I've said it before, and I'll say it again; games with good stories are few and far between. It seems far more profitable to produce yet another mindless blasting game every six months than to actually take time and effort in making something decent. But to their credit, BioWare, CD Projekt and Atari have gone against the grain, and the result is stunning.
How do you make such a decent game? Well, The Witcher did get a bit of a leg-up from Polish fantasy writing legend (don't ask me how to pronounce it) Andrzej Sapkowski whose series of novels following the witcher Geralt are revered apparently on a level with Tolkien in Poland. So that was the story more or less sorted, once it had been adapted to make it playable. Then came the artists, who designed the game world around Sapkowski's writing, the result being stunningly realistic and photogenic surroundings with abundant plants, a day and night cycle and creatures and people to go with them. With such fantastic surroundings it would be a shame to have unrealistic characters and combat; so the next step was to create the movements of all beasts, people and swordfighting with the help of a full complement of actors and swordmasters using motion capture. Put it all together with some excellent voice-acting and actually make the game which is powered by BioWare's Aurora Engine, and there you have it: over eighty hours of fantastic role-playing game.
THE SWORD OF DESTINY HAS TWO EDGES. YOU ARE ONE.
The basics of gameplay are very simple; you can either use the click-where-to-move style or the press-buttons-on-keyboard style. When diplomacy fails (i.e. 99% of the time) combat is done by clicking on the enemy - after selecting an appropriate weapon - and then Geralt does the rest. Violently. In order to survive on the higher difficulty settings, and to make it easier to do so on lower difficulty settings it is necessary to make potions using ingredients you either gather or buy - and to learn the weaknesses of your enemies by reading books. Always there is a main thread of story that you must follow to progress, and always there are lots and lots of side-quests to do in order to make money.
Progression through the game grants you "talents" which are basically points that can be spend upgrading Geralt's swordsmanship, magical ability, toughness or skill at potion making. Carrying the correct potions will save Geralt's life when he is forced into life threatening situations, and there are a wide range to choose from; Cat grants sight in the darkness of crypts, Blizzard improves his reflexes, Swallow increases health regeneration and so on. Be warned however that potions are toxic - too many will kill Geralt or lead to unintended effects.
THIS IS WITCHER'S WORK...
This is not a usual fantasy RPG however where morals are everything; in fact one of the major interests of the game is its amorality. Geralt's job is witching: he kills monsters and people pay him for it. Rarely will he agree to work for someone if there is no reward. Furthermore, as you progress there will be numerous instances where you must make a decision which is likely to have dreadful consequences whichever way you choose. With the kingdom of Temeria divided by racism against "non-humans" the country teeters on the brink of civil war. On one side stand the Scoia'tael, elven and dwarven "freedom fighters" (or murderous terrorists?) who demand equal rights through shows of violence. And on the other side stand the Order of the Flaming Rose, fanatical knights who believe all Scoia'tael must be wiped out and no non-human should be trusted. Which side do you choose?
The plot is deep and complex, requiring a lot of exploration to reveal its true depths; and with a final stunning twist. You won't be disappointed.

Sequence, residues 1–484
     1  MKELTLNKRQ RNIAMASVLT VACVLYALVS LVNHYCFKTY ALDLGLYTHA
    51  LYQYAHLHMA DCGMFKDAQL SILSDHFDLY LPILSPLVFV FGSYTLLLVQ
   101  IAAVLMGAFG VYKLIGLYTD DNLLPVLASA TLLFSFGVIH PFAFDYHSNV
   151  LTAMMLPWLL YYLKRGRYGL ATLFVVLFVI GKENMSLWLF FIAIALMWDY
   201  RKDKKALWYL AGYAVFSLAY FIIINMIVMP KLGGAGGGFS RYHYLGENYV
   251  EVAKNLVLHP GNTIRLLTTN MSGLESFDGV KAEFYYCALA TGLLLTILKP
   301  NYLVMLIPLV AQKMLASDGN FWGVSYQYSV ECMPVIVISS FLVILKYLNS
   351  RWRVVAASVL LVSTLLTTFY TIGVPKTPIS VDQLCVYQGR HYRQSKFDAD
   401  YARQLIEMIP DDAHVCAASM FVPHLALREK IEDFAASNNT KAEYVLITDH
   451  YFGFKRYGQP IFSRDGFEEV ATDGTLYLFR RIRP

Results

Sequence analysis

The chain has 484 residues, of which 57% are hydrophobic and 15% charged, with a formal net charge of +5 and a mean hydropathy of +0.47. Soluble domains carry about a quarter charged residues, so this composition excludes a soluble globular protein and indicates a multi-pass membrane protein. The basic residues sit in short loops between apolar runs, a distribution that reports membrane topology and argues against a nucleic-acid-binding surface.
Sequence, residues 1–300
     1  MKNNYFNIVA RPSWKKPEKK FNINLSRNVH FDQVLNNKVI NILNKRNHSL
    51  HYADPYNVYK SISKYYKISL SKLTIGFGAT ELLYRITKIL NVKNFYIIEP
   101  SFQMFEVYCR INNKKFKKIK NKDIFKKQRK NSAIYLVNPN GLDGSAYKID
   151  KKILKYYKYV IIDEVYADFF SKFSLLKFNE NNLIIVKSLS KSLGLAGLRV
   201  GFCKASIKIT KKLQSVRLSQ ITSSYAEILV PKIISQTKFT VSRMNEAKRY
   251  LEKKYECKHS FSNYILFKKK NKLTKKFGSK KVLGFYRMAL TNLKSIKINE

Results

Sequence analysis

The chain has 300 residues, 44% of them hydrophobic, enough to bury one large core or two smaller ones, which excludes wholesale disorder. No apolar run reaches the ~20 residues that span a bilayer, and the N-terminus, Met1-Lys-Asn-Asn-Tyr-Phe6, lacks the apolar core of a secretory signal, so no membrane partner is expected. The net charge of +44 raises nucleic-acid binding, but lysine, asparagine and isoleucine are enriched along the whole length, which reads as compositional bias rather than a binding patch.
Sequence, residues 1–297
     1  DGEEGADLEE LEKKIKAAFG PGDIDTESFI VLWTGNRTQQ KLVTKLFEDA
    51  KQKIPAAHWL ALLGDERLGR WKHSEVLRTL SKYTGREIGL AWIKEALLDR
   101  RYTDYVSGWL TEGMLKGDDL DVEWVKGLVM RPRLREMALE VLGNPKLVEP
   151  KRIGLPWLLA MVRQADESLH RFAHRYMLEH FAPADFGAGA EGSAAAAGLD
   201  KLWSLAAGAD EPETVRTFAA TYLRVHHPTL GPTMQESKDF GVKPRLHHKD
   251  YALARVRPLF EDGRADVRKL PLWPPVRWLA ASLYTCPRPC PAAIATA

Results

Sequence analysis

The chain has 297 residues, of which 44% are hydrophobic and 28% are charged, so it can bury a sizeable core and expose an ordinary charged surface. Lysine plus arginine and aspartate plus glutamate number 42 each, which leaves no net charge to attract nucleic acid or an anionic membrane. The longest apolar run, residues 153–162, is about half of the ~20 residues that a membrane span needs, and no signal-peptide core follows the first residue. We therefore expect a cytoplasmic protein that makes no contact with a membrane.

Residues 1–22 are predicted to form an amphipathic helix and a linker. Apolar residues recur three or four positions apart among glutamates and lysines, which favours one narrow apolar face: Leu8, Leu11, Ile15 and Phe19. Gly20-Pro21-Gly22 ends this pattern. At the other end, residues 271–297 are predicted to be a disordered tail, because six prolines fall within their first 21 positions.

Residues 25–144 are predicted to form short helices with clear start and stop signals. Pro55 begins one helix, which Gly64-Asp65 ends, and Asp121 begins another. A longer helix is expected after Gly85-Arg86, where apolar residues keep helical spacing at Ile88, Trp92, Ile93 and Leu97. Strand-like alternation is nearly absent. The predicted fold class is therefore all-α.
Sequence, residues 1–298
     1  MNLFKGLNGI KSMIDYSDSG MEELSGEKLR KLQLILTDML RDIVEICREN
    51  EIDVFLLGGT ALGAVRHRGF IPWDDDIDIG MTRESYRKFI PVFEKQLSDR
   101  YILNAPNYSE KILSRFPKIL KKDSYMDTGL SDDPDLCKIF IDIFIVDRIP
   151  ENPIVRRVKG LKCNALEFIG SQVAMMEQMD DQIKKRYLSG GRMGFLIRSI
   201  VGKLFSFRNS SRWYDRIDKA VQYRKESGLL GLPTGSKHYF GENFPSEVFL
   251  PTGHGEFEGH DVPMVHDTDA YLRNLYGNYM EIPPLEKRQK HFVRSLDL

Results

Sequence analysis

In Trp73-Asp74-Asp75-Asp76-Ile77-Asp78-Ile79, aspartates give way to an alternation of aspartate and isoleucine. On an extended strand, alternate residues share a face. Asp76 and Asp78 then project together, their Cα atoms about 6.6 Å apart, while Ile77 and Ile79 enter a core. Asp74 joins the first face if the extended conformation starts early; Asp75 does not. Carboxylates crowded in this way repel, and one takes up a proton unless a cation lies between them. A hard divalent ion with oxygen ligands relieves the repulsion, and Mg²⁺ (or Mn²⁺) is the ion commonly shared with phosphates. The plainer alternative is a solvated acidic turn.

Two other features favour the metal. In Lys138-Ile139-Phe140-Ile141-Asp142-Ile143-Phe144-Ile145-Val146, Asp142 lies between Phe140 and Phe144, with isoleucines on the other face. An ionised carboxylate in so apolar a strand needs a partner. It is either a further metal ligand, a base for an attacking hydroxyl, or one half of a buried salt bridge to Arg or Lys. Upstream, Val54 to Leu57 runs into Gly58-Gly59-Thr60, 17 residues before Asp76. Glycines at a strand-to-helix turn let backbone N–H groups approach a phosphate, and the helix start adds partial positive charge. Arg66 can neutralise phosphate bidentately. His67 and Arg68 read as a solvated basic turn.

Ok, it's a brilliant game, but it does have a few weak areas. Firstly there is a lot of combat, which by the end had become a little repetitive despite its dramatic motion-capture realism. I think partly this could be solved by playing on a higher difficulty setting; easy really is too easy, at least once you are used to fighting and potion making.
The next problem is that the sheer number of side quests detracts slightly from the pace of the main story, and although you don't have to do them they are your main source of income, and without money you will have difficulty acquiring the books, weapon upgrades and so on that are needed to survive, plus the fact that although side quests are on the side, some of them are really quite important to the main quest.
And finally, at least on my PC, which is admittedly very middle of the road, the load times were fairly large, and in the more populous environments there were a few problems with lag. However, it wasn't really enough to detract from the enjoyment, and a future patch that has been announced should go a long way to fixing this.
It is also worth noting that the 18 certificate is there for a reason; although I would personally say that there is nothing a 16 year old would be very shocked by, there is plenty of gore, sex, drunkenness, drug taking and other debauchery that some parents might not want their children to see.
All in all The Witcher is a stunning and beautiful game with a fantastic plot. My advice is to try and remember what you say when you offer people advice during the game; and to play on as high a difficulty setting as you dare to give it a real sense of danger. Oh, and of course to buy the game first.
For information much more skilfully written than I have managed, or to download the demo, visit the official website here: http://www.thewitcher.com/intro.asp
MINIMUM SYSTEM REQUIREMENTS
- Windows XP (service pack 2) or Vista
- 2.4GHz processor
- 1024Mb RAM (XP) or 1536Mb (Vista)
- 8.5 Gb on hard disk
- 128Mb video RAM with DirectX9 vertex shader/pixel shader 2.0 support (NVIDIA GeForce 6600 or ATI Radeon 9800 or better
The Witcher represents the pinnacle of storytelling in role-playing games, shattering the line between good and evil with a world where moral ambiguity reigns. In a beautiful, rich game universe created by artists first, technology second, the player becomes his own hero in an epic, action-packed narrative uniquely defined by his actions. Returning to the roots of the role-playing genre with a fresh and modern approach, The Witcher emphasizes story and character development in a vibrant world, while incorporating tactically-deep real-time combat like no game before it.